The Peterson Institute for International Economics is a private, nonprofit institution for rigorous, intellectually open, and indepth study and discussion of international economic policy. Its purpose is to identify and analyze important issues to making globalization beneficial and sustainable for the people of the United States and the world and then to develop and communicate practical new approaches for dealing with them. The Institute is widely viewed as nonpartisan.
The Institute attempts to anticipate emerging issues and to be ready with practical ideas, presented in useful and accessible formats, to inform and shape public debate. Its audience includes government officials and legislators, business and labor leaders, management and staff at international organizations, university-based scholars and their students, other research institutions and nongovernmental organizations, the media, and the public at large. It addresses these groups globally from its base in Washington.
The Institute's staff of about 60 includes 20 senior researchers, as well as a dozen nonresident fellows, all distinguished for their combination of research productivity and policy experience. The Institute's agenda emphasizes international trade and investment, international finance and exchange rates, macroeconomic policy and crisis response, globalization and human welfare, and area studies of key economic regions. Institute staff have unique expertise on the major economies with special reference to China, India, Japan, Korea, Russia, the European Union, and the Middle East, as well as the United States itself and its NAFTA partners.
Current priorities include global supply chains and multinational investment; the growing role of China in the world economy; the economic dimensions of the Arab Spring; globalization, inequality, and unemployment; the global financial and economic crisis and especially its banking and monetary components; national and international financial regulations; trade negotiations at the multilateral, regional, and bilateral levels; and possible reforms of the international monetary system.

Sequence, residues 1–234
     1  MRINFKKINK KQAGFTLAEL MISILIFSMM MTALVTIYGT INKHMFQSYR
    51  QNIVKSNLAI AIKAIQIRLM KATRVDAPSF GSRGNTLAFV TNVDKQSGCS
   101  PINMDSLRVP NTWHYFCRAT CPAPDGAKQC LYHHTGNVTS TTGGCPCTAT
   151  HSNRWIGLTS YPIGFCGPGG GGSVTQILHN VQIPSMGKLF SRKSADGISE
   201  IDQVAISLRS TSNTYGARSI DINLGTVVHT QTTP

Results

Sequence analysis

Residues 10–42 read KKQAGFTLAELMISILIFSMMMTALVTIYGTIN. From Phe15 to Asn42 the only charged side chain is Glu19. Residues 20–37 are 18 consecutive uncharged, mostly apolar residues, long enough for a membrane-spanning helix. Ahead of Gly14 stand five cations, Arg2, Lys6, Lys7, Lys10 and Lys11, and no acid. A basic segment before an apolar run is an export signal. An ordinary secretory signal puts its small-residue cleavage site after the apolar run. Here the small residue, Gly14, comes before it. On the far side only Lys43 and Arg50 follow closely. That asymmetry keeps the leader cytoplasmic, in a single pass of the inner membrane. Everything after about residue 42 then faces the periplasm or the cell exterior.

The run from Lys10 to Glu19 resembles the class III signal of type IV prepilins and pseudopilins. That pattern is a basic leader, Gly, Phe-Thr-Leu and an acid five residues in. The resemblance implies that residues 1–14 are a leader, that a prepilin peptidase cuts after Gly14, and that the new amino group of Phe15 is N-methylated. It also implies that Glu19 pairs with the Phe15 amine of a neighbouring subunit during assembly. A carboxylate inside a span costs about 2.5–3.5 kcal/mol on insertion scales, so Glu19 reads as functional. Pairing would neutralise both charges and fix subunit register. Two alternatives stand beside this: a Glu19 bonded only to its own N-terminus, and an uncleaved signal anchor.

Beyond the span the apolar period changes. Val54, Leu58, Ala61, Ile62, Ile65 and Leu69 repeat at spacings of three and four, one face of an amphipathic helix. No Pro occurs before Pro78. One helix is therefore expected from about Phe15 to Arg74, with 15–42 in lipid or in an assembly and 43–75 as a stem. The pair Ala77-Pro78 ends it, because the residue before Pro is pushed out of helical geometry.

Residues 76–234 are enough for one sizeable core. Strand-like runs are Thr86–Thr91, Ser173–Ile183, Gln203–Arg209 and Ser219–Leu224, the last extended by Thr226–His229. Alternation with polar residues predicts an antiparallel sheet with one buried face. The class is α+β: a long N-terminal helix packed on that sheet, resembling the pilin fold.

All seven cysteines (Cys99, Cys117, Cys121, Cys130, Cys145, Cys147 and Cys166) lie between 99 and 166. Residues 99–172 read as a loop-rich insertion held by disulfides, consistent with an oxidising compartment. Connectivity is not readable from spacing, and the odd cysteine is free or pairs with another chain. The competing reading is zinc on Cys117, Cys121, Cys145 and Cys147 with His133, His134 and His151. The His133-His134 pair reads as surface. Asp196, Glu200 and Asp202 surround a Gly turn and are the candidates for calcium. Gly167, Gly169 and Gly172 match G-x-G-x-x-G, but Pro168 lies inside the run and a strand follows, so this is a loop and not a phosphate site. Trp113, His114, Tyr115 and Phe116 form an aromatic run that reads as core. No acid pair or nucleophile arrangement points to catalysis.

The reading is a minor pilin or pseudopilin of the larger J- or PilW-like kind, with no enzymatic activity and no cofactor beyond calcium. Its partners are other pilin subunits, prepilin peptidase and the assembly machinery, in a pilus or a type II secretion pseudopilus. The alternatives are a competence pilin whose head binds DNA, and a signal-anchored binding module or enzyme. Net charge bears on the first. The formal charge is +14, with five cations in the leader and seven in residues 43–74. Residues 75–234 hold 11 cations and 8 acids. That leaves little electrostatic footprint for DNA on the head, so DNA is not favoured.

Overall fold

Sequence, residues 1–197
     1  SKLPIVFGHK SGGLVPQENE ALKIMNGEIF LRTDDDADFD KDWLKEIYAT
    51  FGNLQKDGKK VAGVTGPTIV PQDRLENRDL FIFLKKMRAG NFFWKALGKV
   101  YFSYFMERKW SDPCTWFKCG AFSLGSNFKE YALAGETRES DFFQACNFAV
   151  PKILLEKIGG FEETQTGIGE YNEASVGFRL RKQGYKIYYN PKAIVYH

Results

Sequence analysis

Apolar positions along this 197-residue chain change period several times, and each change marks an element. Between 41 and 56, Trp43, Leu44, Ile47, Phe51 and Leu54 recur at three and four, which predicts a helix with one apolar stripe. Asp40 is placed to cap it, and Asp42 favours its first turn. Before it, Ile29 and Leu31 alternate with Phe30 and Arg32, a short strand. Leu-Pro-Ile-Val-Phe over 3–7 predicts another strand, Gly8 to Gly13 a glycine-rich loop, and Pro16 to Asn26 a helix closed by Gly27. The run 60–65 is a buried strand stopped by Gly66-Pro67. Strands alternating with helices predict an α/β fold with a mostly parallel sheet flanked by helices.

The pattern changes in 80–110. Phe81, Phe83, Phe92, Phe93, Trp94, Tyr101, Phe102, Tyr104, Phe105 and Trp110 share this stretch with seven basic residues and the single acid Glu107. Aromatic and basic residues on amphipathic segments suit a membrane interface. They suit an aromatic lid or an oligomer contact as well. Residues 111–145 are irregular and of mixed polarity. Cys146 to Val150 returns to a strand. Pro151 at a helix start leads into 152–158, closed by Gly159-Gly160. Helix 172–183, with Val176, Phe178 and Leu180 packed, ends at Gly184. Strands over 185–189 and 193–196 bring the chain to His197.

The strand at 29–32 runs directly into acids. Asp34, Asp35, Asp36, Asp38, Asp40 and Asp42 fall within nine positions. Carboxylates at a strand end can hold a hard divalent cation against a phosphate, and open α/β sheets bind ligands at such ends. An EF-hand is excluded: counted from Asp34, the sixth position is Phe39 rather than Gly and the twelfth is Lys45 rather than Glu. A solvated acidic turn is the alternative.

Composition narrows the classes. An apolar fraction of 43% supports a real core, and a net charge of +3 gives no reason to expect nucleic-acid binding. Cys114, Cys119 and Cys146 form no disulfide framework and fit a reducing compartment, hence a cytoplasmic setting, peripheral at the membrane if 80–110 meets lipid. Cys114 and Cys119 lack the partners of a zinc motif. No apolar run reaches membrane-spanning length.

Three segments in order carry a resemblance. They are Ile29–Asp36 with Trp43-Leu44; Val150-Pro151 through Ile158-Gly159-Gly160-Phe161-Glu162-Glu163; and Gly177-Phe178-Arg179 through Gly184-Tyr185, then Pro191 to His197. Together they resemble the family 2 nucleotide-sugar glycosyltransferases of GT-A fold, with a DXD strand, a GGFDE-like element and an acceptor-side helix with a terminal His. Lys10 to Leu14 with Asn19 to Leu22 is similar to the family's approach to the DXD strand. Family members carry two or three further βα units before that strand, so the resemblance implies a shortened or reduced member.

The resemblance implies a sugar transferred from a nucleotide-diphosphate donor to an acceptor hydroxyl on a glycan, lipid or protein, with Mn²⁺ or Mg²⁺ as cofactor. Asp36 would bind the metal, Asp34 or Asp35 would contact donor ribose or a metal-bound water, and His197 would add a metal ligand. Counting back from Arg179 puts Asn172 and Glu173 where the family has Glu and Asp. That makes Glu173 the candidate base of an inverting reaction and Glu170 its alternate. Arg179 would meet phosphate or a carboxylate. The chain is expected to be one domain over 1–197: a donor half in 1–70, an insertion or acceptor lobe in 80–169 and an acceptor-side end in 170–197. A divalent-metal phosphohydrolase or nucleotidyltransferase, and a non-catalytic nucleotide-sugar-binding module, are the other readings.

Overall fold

Institute studies have helped provide the intellectual foundation for many of the major international policy initiatives of the past three decades: reforms of the International Monetary Fund (IMF), including those initiated by the G-20 in 2009–10; adoption of international banking standards; Asia Pacific Economic Cooperation (APEC) forum and Trans-Pacific Partnership; the restoration and then extension of trade promotion authority in the United States; North American Free Trade Agreement (NAFTA) and other US free trade agreements (including with Korea notably); initiation of the Strategic and Economic Dialogue between the United States and China; reform of sanctions policy; liberalization of US export controls and export credits; and specific trade issues such as permanent normal trade relations (PNTR) for China in 2000 and Russia in 2012.
Other influential analyses have addressed: economic reform in Europe, Japan, the former communist countries, and Latin America (including what became known as the Washington Consensus); the social impact of globalization; foreign direct investment both into and out of the United States; international environmental policy; measures of currency manipulation and of equilibrium exchange rates; and the sources and growth of services trade.
The Institute celebrated its 25th anniversary [pdf] in 2006 and adopted its new name at that time, having previously been the Institute for International Economics. In 2001 it moved into its new building, which received an Award of Excellence for Extraordinary Achievement in Architecture by the American Institute of Architects and a Best Architecture in Washington Award by the Washington Business Journal.